Anthropology students search for Haymarket history


A group of UNL students have started a multi-year dig into the history of Lincoln's historic train depot district.

Participating in the 2010 summer field school in archaeology, the students are searching for artifacts and buildings that date back to the 1870s. The dig is led by Peter Bleed, professor of archaeology, and planned in coordination with the city of Lincoln before construction of the Haymarket Arena begins.

"We are here beginning an assessment of the cultural resources of the west Haymarket arena area," said Bleed. "The major things we are looking for are the Immigrant and Burlington houses. The exact location of these historic buildings is uncertain."

As the name implies, the Immigrant House was a hotel used by immigrants stopping in Lincoln before venturing to new farmsteads. The Burlington House, which Bleed believes is unrelated to the railroad, provided living space for Lincoln-area laborers. Bleed said records show 37 people lived in the Burlington House in 1880 when Thomas Helan served as the building manager.

Bleed said the Burlington House was razed sometime between 1880 and 1895. The Immigrant House was abandoned by the mid 1880s and was a ruin in the 1890s.

See photos from the dig site at

The archaeology team worked with the Lincoln-Lancaster County Planning Department officials to identify potential locations of the buildings. Bleed said historical maps, city records and period photographs - including one by Erwin Barbour, director of the University of Nebraska State Museum from 1891 to 1941 - were also utilized.

Since this is the first summer in a projected three-year search, Bleed said the students have been tasked with digging in a variety of spots with the goal of identifying the kinds of materials and deposits in the Haymarket area, and cataloging artifacts.

Digging has been limited because the majority of the potential building locations are in areas actively used by the Burlington Northern Santa Fe railroad and other businesses. However, the Watson-Brickson Lumber Company, 660 N St., has granted access - including a dig in a storage area, between stacks of boards.

"We've found some interesting artifacts so far," said Jeff Wagner, a junior anthropology major from Grand Island. "We've identified what looks to be a foundation or a walkway to one structure. And, we've also found several different pieces of 1900s or earlier glassware, ceramics, bricks and nails."

One of the more interesting items found is a glass button recovered in the fill area between the modern grade and the 1880s prairie soil. The button is a Japanese design featuring a samurai. Bleed said research on the button identified it as being identical to one in the catalogs of the Metropolitan Museum in New York City.

Students record the exact location of every item found through Global Positioning Satellite data and drawings. Each test hole is also drawn out by hand to show the different layers of sediment encountered. The test sites will be used to direct future summer field school digs in the Haymarket area.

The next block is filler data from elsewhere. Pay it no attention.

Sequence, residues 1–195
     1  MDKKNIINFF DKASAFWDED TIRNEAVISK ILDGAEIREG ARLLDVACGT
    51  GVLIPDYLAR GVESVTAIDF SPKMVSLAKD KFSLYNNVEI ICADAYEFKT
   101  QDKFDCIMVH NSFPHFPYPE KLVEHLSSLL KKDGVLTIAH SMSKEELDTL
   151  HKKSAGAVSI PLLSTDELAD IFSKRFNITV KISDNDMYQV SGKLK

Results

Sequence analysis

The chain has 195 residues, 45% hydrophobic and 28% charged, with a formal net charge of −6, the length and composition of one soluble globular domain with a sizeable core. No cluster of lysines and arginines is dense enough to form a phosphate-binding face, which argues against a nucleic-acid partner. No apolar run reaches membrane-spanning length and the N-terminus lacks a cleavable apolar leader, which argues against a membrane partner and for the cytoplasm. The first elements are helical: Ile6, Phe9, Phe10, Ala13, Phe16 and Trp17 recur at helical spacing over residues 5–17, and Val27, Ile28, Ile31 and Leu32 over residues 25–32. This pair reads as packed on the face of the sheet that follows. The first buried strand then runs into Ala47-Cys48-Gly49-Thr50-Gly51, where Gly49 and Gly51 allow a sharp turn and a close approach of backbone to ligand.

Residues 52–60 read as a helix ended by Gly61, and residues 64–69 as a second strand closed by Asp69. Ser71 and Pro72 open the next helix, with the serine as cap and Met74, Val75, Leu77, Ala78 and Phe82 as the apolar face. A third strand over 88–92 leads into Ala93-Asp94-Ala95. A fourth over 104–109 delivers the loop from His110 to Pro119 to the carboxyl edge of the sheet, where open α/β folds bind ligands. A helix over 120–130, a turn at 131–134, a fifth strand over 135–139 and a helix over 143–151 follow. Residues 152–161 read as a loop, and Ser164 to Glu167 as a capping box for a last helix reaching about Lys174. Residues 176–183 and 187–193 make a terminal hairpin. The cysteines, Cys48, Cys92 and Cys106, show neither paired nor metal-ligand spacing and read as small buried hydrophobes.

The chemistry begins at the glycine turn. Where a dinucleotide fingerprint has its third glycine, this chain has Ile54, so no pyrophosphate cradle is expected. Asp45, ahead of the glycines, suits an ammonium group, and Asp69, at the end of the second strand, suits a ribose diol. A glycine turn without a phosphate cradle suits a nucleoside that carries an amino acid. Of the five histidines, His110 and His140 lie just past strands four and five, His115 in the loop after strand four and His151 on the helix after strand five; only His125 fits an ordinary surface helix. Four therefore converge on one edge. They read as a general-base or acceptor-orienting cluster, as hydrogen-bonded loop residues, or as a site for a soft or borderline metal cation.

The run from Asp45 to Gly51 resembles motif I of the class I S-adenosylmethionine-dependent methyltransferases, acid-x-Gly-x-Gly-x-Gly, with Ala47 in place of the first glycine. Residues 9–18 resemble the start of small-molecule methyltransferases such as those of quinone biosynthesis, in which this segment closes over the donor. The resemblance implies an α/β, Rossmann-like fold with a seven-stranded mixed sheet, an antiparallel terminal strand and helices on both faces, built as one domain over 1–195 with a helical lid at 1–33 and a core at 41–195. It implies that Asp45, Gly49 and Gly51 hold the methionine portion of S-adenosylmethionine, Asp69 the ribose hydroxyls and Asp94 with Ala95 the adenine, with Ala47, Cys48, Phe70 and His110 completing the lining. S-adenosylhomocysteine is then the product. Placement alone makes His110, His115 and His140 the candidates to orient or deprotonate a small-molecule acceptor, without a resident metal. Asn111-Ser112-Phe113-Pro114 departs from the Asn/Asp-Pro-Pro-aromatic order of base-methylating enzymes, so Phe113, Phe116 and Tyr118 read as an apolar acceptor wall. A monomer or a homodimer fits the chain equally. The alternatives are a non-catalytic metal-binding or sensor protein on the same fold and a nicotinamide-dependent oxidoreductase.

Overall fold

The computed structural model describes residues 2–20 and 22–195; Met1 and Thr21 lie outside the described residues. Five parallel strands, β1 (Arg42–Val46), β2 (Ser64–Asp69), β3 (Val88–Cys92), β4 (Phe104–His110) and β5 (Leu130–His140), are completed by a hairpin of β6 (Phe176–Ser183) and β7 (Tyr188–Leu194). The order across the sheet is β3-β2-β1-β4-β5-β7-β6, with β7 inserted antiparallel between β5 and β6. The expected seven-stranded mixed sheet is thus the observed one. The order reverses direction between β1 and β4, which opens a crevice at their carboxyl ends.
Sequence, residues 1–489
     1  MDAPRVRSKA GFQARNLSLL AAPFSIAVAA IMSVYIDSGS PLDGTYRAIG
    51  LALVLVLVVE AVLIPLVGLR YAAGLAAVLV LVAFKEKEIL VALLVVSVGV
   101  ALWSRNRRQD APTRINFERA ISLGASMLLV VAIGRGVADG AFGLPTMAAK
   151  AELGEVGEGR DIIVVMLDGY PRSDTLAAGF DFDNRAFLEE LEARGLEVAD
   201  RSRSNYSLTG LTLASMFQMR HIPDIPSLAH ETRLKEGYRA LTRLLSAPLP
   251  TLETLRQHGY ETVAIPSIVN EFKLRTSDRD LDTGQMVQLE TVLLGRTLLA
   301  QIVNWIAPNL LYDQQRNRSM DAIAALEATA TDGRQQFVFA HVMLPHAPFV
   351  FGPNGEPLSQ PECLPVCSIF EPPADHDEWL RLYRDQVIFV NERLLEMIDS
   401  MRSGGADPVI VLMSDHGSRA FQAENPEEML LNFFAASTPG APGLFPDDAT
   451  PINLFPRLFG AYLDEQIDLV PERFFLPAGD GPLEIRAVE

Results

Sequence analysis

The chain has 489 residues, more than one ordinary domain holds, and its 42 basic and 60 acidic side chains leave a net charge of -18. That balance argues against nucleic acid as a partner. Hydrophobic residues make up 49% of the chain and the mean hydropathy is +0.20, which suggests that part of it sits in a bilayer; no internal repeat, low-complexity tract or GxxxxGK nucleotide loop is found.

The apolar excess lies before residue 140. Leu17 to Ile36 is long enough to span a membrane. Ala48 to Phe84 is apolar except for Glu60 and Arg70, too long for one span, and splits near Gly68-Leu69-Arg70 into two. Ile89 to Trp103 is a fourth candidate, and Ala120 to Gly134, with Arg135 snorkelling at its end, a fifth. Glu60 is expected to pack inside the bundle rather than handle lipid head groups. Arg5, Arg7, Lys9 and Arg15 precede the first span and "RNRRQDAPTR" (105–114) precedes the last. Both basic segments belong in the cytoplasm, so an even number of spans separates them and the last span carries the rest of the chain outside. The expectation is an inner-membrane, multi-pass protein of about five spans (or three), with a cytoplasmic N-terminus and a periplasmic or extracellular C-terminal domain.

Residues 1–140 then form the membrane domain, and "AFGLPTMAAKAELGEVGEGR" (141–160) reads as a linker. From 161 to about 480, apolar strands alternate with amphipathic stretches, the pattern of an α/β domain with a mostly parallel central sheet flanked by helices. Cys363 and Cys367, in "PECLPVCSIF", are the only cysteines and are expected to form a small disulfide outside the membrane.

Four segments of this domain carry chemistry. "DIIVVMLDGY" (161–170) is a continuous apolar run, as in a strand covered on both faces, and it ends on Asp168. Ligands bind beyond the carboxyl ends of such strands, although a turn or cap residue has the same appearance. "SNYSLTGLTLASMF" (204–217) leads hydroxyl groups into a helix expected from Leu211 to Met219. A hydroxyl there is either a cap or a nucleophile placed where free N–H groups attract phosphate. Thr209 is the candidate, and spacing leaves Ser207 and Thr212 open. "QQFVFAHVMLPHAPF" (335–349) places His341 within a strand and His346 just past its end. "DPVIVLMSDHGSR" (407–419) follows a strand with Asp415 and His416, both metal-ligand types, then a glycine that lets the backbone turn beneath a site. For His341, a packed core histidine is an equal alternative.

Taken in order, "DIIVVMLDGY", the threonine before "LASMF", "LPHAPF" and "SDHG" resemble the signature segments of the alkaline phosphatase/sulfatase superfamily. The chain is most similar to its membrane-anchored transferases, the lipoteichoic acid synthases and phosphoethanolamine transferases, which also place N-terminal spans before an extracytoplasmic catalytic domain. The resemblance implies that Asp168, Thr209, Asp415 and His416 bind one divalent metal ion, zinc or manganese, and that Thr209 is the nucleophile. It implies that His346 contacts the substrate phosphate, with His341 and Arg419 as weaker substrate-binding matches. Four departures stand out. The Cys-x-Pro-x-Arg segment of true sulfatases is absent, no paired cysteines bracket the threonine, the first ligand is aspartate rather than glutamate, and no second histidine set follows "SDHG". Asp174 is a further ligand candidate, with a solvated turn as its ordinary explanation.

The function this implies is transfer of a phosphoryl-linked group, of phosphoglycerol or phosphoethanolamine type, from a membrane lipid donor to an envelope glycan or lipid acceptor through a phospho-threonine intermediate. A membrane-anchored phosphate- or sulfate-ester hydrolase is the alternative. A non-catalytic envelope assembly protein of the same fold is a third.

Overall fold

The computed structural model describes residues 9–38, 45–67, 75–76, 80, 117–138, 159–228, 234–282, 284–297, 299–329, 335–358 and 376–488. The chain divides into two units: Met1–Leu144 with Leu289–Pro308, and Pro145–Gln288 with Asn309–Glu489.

Bleed believes the Burlington House was located on or very near the Watson-Brickson site. The best guess on the Immigrant House location is near a white Quonset building and rails northwest of Watson-Brickson. That site is currently being used by BNSF and Bleed hopes to address the area in the next two summers.

The field school in archaeology is a summer offering for students studying in UNL's Department of Anthropology. Participants experience a range of field experience that prepares them for future career paths. The work includes using cutting-edge concepts and modern technologies to time honored shovels and screens.

"The really big thing we want students in this class to decide if this sort of work is for them, if they like digging in holes under the hot summer sun and if they like finding stuff under dirt," said Courtney Cope, the teaching assistant for the summer field school. "We also want them to learn the basics so that when they do go out and get a real job, they know how to do a test unit, how to identify artifacts and how to formulate for themselves what a site is all about."

Cope is a first-year graduate student pursing a master's degree in professional archaeology. She also works for the Midwest Archaeology Center, run by the National Park Service office in Lincoln.

"For me, summer field school was extremely useful," said Cope. "This class helped me decide for sure that I wanted to do archaeology."

Bleed said the summer field school project won't delay the construction of Lincoln's $344 million Haymarket Arena project. The arena project is scheduled for completion by fall 2013.

"We're only here to see what we can find before this area is covered by a parking lot," Bleed said. "The goal is to find these two buildings and answer questions about what life was like for the people who were here. And, in working toward that goal, we are providing these students with some really good archaeological experience."

- By Troy Fedderson, University Communications

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